Bridge plan puts other projects on hold

"There is so much to be done with that (pedestrian bridge) right now that we need to hold off on the Riverfront Centre.” - Robert Cacchioni

While the city has all its ducks in a row to tender a new bridge – other capital projects such as a new library and a spruced up downtown have been temporarily put on hold.

The Riverfront Centre and third phase of downtown revitalization remain on the back burner pending construction of the pipe/pedestrian bridge this fall and its subsequent usage.

“We are in a holding pattern right now,” explained Coun. Robert Cacchioni, chair of the centre’s building committee.

“Everything has been finalized, in terms of engineering, with the pipe bridge. There is so much to be done with that right now that we need to hold off on the Riverfront Centre.”

Trail council has two days of strategic planning this week to set timelines on the larger capital projects, said Cacchioni, adding that in his opinion, ground won’t break for the new facility until 2016.

First, the city needs to study how the walking bridge will affect people accessing the downtown core.

“In reality, we are not going to be able to judge the traffic patterns until such time as you have that bridge in.” he explained. “We don’t know what’s going to happen with people walking and biking two bridges again.”

Sidewalk extensions and additional parking near the bridge site may need to be developed, he noted.

“And we can’t finalize a downtown plan until we see what impact the Riverfront Centre will have.”

He said a new building on Bay Street means 60,000 annual visits to the facility’s current Trail Memorial Centre locale will be redirected to the south end of town.

“Phase 3 of the downtown plan is delayed because it’s such an expensive operation,” Cacchioni said. “Also, because those library visits will eventually be downtown, traffic flow will definitely be impacted.

“We don’t know what that will look like.

“On top of that, we have to look at what is going to happen in the library space in the Trail Memorial Centre, because that will also change things.”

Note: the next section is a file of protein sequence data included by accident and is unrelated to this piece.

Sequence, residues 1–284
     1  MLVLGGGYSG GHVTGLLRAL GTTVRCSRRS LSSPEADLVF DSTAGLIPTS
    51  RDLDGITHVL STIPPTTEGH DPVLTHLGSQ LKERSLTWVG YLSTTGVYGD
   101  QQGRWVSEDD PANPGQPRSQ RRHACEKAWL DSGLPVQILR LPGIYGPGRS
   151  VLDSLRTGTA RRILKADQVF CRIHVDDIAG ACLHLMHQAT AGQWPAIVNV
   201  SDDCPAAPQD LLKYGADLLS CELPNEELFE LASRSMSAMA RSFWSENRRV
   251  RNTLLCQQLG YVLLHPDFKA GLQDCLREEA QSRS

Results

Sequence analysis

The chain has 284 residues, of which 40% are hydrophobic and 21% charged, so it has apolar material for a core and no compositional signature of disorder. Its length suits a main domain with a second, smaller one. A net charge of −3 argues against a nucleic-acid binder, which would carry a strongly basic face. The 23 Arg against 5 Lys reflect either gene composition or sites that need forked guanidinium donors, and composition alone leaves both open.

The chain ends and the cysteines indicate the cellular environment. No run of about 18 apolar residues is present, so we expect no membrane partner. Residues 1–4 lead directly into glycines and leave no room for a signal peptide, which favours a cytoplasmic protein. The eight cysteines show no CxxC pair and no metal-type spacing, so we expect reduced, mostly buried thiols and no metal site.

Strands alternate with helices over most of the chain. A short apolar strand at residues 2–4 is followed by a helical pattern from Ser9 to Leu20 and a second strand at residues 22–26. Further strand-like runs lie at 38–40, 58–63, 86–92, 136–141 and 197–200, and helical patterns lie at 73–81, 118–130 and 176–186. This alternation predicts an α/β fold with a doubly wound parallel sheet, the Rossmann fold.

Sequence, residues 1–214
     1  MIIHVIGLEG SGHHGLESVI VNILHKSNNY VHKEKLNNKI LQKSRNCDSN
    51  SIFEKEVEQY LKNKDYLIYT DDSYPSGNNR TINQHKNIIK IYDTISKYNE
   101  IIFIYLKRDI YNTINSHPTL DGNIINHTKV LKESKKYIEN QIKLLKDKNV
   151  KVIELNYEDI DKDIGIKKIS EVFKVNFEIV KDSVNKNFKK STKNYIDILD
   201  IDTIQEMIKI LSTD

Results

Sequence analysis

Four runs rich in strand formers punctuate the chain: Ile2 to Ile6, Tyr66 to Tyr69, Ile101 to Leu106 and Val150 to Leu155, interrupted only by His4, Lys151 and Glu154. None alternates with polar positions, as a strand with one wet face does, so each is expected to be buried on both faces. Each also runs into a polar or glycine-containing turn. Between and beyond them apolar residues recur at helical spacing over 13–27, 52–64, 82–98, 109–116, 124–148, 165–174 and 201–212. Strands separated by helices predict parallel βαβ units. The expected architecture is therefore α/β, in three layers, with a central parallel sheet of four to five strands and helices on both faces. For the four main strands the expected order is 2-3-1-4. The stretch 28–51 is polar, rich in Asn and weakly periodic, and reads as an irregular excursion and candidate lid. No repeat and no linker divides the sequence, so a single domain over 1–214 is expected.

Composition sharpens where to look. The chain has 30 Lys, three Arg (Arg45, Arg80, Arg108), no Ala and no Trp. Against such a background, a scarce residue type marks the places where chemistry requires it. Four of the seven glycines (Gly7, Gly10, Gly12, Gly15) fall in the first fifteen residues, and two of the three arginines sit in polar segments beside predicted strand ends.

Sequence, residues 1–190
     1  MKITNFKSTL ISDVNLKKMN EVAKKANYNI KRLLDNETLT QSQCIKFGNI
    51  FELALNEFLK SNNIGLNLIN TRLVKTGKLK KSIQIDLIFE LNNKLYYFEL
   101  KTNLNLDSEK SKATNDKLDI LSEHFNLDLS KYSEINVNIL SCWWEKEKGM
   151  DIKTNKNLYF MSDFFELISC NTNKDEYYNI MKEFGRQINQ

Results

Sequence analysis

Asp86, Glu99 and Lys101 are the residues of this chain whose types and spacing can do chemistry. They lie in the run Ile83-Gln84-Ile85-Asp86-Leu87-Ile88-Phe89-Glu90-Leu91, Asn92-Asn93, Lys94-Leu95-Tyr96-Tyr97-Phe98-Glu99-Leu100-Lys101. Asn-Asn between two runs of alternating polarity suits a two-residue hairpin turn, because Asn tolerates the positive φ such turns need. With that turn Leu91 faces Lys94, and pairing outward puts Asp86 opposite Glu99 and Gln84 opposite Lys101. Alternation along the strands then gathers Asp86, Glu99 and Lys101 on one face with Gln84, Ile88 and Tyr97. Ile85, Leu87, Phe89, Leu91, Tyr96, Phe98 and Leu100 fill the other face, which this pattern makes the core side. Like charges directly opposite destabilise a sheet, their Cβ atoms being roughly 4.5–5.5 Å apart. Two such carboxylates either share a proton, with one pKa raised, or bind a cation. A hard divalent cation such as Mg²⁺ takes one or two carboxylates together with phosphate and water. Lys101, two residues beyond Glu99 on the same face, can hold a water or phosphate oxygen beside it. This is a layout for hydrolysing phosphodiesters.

Some of the concepts and options for the future projects will be considered during council’s current strategic sessions, he added.

New bridge construction is being funded through federal gas tax dollars, meaning the cost won’t directly impact taxpayers.

However, there’s one shore-to-shore feature that will affect 2015 property taxes, and that’s the secondary water line.

Trail council approved to bump the capital budget by about $100,000 to $1.9 million during Tuesday’s governance meeting. The water line, which has been on the city’s books for a number of years, eats up $500,000 of this year’s capital plan.

That infrastructure upgrade, plus other pricey projects that include $450,000 for a new roof at the Trail Aquatic and Leisure Centre and $250,000 for Bear Creek well repairs mean a hike in 2015 residential property taxes.

Last week, Trail council agreed to increase the annual levy by 2.6 per cent, or $25 for the average $182,000 home. That number only took into account the city’s operating budget.

After reviewing the capital budget Tuesday, council raised that amount to about 3.6 per cent, or $40 for the average homeowner.

“What this adjustment does,” says Trail Mayor Mike Martin. “Is set us on a path of improving the financial situation of the city after some heavy demands over the last year.”

He explained that the airport purchase and downtown improvements pulled money from the city’s cash reserves, which doesn’t fit with sustainable long term planning.

“With taking this move, which we believe is affordable to the community, we believe we are taking a step in the direction of dealing with infrastructure requirements and also reducing the amount we pull from reserves,” Martin added. “And as we move forward the situation will continue to improve.”

Although the city hasn’t finalized the 2014 year-end, initial budget projections indicate total consolidated surplus and reserves would be $6.6 million at the end of 2014 as compared to $8.7 million at the end of 2013, confirmed David Perehudoff, Trail’s chief adminstrative officer.

While the majority of this year’s capital projects aren’t visual, there is one that promises to be eye-catching.

The large yellow blocks at the 4-way stop on Bay Ave. and Farwell St. will be replaced with more pedestrian-friendly features.

Council agreed to a $35,000 makeover that includes benches and flower pots.

“We saw a picture of what this will look like, and it really is nice,” said Martin.

Council also earmarked $190,000 to light up the Victoria Street Bridge, though the project cannot proceed until the organizing group of downtown Trail business associates raises the other half.

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